Growing up around places of cultural importance it was synonymous with respecting the land, air and water around me. Cultural values of respect have been the main driver in how I have gone through my day to day life and I firmly believe that how I got to this point in life. I have had the opportunity to attend various programs which had influential leaders. Learning about humbleness I incorporate that into my life as much as I can. But altogether I can simply say I have learned a lot from my grandfathers.
I grew up and attended school for the majority of my life within the Pueblo of Laguna but seeking a challenge my family was supportive and allowed me to attend school in Albuquerque, N.M. which had Advanced Placement classes I desired. Being involved with the school paper the facilitator encouraged me to apply to NAU. My academic endeavors were always supported by my family and encouraged me to attend the university.
While attending NAU I was involved with Connecting Higher Education Indigenously and soon became part of the club’s leadership position. I have gained vast amounts of knowledge with the professors within the Applied Indigenous Studies and do wish to make an impact within my community in the future.
During my time here I have met the love of my life and married last year. My wife being a VISTA in the past, encouraged me to see if there was a place for me in the AmeriCorps family. Which brings us to now where I have begun to know a great family in the Arizona Historical Society. I am really excited to work with AHS and connecting places of importance to STEM education and engaging the Flagstaff community. I had worked as a line cook for five years prior to this VISTA position but still consider cooking a passion of mine.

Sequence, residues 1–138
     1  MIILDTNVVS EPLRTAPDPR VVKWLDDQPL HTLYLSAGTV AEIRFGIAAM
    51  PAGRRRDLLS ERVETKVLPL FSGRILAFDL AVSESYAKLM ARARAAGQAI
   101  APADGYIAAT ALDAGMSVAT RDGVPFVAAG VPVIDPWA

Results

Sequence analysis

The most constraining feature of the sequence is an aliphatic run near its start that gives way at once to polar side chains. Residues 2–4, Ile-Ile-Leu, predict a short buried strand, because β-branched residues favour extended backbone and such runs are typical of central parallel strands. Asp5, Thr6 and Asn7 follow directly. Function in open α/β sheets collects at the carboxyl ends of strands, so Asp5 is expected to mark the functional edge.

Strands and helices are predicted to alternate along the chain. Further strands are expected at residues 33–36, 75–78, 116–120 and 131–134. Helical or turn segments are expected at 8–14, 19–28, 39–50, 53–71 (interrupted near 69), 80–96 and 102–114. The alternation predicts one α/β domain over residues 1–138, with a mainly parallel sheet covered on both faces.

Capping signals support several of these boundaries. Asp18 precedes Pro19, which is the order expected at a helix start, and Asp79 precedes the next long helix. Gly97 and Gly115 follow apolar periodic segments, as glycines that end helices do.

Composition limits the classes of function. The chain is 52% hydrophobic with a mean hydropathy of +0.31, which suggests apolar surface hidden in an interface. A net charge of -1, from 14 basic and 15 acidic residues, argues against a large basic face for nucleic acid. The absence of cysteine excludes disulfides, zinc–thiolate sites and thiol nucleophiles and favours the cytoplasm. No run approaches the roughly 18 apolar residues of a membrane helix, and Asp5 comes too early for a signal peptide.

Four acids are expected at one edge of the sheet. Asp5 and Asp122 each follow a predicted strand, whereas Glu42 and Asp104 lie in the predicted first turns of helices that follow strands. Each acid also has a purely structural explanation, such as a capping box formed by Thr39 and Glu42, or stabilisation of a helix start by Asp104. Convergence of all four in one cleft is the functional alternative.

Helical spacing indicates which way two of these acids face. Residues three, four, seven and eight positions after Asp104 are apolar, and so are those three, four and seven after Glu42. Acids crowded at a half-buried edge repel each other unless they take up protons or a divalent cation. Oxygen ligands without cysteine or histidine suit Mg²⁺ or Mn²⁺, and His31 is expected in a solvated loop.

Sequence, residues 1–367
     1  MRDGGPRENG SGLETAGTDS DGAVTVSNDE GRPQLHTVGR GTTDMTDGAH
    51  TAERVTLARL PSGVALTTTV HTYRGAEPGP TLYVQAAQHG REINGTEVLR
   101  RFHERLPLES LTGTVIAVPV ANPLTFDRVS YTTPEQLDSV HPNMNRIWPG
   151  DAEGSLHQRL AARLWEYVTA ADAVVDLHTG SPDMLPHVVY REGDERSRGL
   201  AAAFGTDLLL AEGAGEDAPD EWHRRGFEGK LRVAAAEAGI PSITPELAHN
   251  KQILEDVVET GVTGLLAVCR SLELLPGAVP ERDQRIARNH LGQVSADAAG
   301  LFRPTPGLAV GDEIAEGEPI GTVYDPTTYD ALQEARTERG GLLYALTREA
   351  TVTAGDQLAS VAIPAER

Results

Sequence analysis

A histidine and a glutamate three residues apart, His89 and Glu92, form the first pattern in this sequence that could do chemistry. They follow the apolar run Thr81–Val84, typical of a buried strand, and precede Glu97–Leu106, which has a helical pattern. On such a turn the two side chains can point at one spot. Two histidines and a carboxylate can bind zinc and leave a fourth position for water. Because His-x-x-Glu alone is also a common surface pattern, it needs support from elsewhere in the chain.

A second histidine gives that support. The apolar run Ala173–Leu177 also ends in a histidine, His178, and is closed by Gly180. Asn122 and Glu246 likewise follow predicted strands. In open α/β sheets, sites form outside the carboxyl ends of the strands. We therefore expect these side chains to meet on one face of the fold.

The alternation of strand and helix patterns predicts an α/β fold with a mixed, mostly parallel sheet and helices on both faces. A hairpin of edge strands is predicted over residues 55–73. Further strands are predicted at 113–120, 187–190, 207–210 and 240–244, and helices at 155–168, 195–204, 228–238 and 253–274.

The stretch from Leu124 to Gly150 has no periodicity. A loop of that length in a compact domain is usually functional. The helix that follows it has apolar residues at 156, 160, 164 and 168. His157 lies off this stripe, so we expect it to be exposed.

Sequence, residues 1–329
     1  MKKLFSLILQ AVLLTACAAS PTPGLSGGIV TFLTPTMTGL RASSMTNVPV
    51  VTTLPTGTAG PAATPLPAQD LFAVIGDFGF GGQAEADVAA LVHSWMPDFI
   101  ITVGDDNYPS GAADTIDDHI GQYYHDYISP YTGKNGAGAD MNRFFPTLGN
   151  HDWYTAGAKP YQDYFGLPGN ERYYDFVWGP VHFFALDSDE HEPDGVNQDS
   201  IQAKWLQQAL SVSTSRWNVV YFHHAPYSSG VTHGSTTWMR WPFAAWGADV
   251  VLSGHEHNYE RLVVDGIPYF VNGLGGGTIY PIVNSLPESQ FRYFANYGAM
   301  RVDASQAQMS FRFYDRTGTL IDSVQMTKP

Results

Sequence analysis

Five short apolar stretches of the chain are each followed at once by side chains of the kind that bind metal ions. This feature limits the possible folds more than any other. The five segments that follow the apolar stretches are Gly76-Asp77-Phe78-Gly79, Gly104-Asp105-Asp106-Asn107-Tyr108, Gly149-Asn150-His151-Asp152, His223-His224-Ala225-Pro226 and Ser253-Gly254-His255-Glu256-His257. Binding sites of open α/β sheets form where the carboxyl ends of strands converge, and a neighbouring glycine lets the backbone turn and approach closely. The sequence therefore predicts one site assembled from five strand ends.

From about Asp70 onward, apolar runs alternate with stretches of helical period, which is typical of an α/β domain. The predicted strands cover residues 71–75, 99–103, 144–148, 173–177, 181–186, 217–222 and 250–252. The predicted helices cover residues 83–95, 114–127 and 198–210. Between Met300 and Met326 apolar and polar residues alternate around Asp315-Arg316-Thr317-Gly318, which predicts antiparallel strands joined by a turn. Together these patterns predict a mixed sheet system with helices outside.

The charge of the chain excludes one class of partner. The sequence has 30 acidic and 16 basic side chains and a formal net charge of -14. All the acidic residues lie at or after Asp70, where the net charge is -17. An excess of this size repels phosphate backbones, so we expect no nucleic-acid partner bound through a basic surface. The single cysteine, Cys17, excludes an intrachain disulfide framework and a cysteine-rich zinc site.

Guest Blog post by Christine Sapio, CocoNuts Coach and CHS Educator
On December 3, 2016 the Coconino High School “CocoNuts” FIRST Robotics Competition Team hosted 400+ FIRST Robotics students at the 9th Annual High Altitude Robotics Extravaganza. The Extravaganza featured two FIRST events happening simultaneously at Coconino High School: The Flagstaff FIRST Lego League Qualifying Tournament and the Northern Arizona FIRST Tech Challenge Qualifying Tournament. Thirty-six teams will compete in the two events.
The Flagstaff FIRST Lego League Qualifying Tournament featured 26 teams from Flagstaff, Kingman, Cottonwood, Heber, Holbrook, Phoenix, Camp Verde, Glendale, Cibecue and Sedona. The teams competed in this year’s challenge ANIMAL ALLIES for a chance to advance to the Arizona FIRST Lego League Championship January 14-15, 2017 at Arizona State University.
The ANIMAL ALLIES Challenge calls for teams of 9 to 14 year-old children worldwide to research and present their original ideas that explore the interactions between humans and animals. Teams will also build, test, and program an autonomous robot using LEGO® MINDSTORMS® technology to solve a series of wisdom-gathering missions which include: pushing a lever to open a door to learning, moving an idea outside of the box, loading a model with knowledge and skill loops, and more. The cornerstones of the experience are the FLL Core Values, which emphasize contributions of others, friendly competition, learning, and community involvement.